The configuration of the cartridges is immaterial in the practice of the present invention, and may comprise two, three, or four separate cartridges, or pens (as depicted in FIG. 1) or may comprise one pen with two, three, or four print cartridges, each containing a different ink. As used herein, the term "cartridge" is intended to cover both the situation involving separate pens (in which case, pen and cartridge are synonymous) and a monolithic pen containing multiple cartridges. In the latter case, the cartridges may be individually replaceable or tube-fed with ink from an off-axis ink supply.
In the use of an ink-jet printer, the platen may be at ambient temperature or the platen may be heated. A heated platen in conjunction with a thermal ink-jet printer has been disclosed and claimed in application Ser. No. 07/876,942, filed May 1, 1992, and in application Ser. No. 08/056,287, filed Apr. 30, 1993, which in turn is a continuation-in-part application of Ser. No. 07/876,924, filed May 1, 1992, all assigned to the same assignee as the present application. Heated platens are used to dry the ink faster on the print medium, which may be paper, transparency, or other suitable material.
FIG. 2 depicts a portion of the ink-jet printer 10 shown in FIG. 1, which is provided with a heated platen means. Specifically, the print medium is moved past the pen, or print cartridge, 18 having affixed thereto a printhead 24 in operative association with the print medium 14. The printhead 24 establishes a print zone 26. As is customary, the print medium 14 is moved along a paper path in the printer 10, in the direction denoted by arrow A, and the pen 18 is moved orthogonal thereto. The print medium 14 is moved by a drive roller 28 onto a screen 30. A drive plate 32, positioned after the drive roller 28 and prior to the pen 18 aids in holding the print medium 14 flat on the screen 30. The screen 30, which acts like a platen, is perforated so as to permit the drying of the print medium, as described more fully below. The print medium 14 exits the print zone 26 by means of an exit roller 34 and a plurality of starwheels 36 to be collected in the paper collection means, such as tray 16.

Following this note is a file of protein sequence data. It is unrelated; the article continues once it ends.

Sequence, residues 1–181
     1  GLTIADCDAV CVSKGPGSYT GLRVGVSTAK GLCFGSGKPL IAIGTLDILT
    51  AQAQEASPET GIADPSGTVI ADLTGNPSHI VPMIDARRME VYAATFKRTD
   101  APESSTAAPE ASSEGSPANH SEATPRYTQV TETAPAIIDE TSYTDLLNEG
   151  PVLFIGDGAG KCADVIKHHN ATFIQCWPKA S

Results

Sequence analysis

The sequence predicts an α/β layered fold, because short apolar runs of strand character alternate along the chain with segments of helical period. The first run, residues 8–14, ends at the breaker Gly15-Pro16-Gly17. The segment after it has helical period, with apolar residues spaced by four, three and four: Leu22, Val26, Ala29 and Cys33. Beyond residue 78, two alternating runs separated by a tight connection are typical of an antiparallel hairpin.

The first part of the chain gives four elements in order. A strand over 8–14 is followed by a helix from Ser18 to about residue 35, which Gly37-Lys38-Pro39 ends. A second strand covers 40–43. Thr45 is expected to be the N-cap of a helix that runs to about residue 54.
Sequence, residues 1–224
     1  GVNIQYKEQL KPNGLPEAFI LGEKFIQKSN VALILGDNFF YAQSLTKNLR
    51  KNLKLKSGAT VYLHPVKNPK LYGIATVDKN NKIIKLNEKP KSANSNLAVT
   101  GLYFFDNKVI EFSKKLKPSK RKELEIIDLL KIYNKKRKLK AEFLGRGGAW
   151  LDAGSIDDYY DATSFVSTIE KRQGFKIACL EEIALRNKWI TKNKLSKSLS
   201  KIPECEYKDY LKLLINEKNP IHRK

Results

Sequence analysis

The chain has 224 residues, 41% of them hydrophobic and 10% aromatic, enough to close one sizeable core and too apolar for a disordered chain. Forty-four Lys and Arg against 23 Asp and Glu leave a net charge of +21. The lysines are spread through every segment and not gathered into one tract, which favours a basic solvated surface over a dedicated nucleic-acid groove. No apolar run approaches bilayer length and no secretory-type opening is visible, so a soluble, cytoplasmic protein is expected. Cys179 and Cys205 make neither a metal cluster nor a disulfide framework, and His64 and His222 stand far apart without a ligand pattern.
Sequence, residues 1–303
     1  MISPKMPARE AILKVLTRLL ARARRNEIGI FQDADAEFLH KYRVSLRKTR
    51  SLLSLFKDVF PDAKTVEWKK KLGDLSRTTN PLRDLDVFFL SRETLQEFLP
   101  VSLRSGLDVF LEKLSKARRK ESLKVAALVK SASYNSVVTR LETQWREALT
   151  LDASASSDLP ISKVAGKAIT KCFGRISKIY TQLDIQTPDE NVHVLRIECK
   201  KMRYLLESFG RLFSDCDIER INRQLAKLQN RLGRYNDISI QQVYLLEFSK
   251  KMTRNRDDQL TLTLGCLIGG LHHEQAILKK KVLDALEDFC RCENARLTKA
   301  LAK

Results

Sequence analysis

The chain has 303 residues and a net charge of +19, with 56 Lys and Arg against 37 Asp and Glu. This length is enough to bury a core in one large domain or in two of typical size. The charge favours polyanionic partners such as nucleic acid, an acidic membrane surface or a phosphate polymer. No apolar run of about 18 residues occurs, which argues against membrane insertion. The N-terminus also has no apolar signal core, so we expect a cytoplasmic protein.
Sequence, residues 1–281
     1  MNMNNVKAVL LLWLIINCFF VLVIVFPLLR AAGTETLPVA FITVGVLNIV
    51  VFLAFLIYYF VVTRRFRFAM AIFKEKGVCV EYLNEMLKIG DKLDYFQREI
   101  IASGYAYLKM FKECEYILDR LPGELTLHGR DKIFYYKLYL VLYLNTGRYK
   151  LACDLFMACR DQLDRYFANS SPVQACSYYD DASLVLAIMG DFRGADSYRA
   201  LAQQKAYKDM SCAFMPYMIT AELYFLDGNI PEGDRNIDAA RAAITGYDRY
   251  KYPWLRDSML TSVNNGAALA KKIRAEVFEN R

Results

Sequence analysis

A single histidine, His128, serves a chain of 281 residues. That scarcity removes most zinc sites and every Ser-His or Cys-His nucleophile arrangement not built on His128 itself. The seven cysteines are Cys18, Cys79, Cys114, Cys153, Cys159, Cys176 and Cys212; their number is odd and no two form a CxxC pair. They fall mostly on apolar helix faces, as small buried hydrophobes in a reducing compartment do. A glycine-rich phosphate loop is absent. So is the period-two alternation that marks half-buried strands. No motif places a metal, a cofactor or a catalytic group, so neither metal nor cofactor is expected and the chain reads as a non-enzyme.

A recent modification in thermal ink-jet printers involves the use of a heating means, generally depicted at 38, which is positioned close to the print zone 18. In FIG. 2, the heating means 38 is depicted as comprising a print heater 40 and a reflector 42, which serves to concentrate the heat on the bottom of the print medium 14, through the screen 30. However, it will be readily apparent to those skilled in the art that the heating means 38 may comprise any of the usual heating sources, such as heating elements, blowers, and the like, and the practice of the present invention is not limited as to the heating source. Nor is the present invention limited to the placement of the heating source 38, which may be ahead of the print zone 26, behind the print zone, or in the print zone or which may be located beneath the print medium 14, as shown, or above it.
FIG. 3 depicts in cross-section a portion of the printhead 24, comprising a substrate 44, a barrier layer 46, and an orifice, or nozzle, plate 48 with an orifice, or nozzle, 50 therein. The nozzle 50 is positioned above a thermal element 52, commonly a resistor element, or heater-resistor. In practice, the orifice plate 48 has a plurality of nozzles 50 in it, each one operatively associated with a resistor 52, as is well-known. The present invention is not limited to the particular orifice plate 48 employed, which may be separate or integral with the barrier layer 46. Indeed, any orifice plate overlying the thermal element 52 may be employed in the practice of the present invention.